Rather than dwelling on such losses - redemption and forgiveness, self-doubt and self-renewal - Clive sought to embrace the exotic possibilities conjured by the creation of a bizarre and enthralling world in both sound and vision, as he continues to explain, "What you gain, however, is two things: firstly, the music, which in the fantastique is very important as an indicator of feeling, and a way of sweeping people along; the other is the power of the image - you gain the ease of presenting a creature which turns into a little girl, and there is something immediately poignant about showing that little girl.
"One of the things I love about making a movie from something I've written is the pleasure of being able to reinvent your imagination: you've done it once, you know the way it looked when you wrote it, and then you reinvent it entirely. All the walkways and stuff isn't the Midian described in the book - it's all very, very vaguely described. Nightbreed doesn't look the way I imagined it when I was writing Cabal. It turned out to be much larger in scale than I originally anticipated... For example, Baphomet isn't even described in the book. Baphomet is 'in flames,' and the technical problems of making that work on film made me think about it until I dreamt it. I literally dreamt it, and there he was. I think in the film he is actually better than I described him in the book!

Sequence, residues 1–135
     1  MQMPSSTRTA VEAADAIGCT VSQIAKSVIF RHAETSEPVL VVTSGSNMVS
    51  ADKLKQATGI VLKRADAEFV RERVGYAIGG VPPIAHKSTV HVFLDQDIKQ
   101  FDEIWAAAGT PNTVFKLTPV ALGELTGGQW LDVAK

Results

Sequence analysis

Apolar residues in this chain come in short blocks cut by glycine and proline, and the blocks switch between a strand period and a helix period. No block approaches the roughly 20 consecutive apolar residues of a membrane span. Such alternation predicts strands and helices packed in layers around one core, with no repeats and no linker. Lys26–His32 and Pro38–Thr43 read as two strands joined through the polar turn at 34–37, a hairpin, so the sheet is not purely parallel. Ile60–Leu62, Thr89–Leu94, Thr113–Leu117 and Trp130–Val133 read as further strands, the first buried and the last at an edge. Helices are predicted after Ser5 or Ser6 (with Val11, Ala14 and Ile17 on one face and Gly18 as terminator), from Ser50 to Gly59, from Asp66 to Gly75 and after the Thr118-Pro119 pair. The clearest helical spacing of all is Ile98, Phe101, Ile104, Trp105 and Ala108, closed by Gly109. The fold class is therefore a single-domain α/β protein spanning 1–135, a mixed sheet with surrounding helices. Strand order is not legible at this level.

"A subtle thing in one way, though it's mammoth in another, is that in the book the Breed are represented very impressionistically, you only get two or three paragraphs about them, but you can't do that in a movie. In the movie they have to be realised in great detail.
"My first job was to go to Bob Keen and his boys and tell them 'My vision of the Breed is this.' They had to translate those notions into concrete forms, make them into prosthetic reality. Hieronymus Bosch was my inspiration: I was trying to create on screen his pictures of beasts in every corner. You'll get glimpses of stuff. I like the idea of all this stuff going on behind the level of the story... I want people to get the impression that there's this great gallery of characters and you're not seeing them all; almost a sense of frustration that you're not seeing it all, like the cantina sequence in Star Wars the first time you see it.
"On film, the Breed exist; they have a lifestyle, a religion, a concrete sense of life. We have life histories for them, little family units, a sense of them developing as a colony." Like any fully-fledged colony, the Breed has a collective history too, as documented on the walls of the necropolis - a mythology which Clive delights in exploring.
"That wasn't really present in the book, and I felt that this was the perfect time to examine that. Certain mythological elements have increased, such as the fact that Boone is now revealed as the seventh saviour come to save Midian, as opposed to just being a guy who happens along. He is someone who has been prophesied - and finally he gets to save the tribe - and I love the chance to increase the mythological resonances..."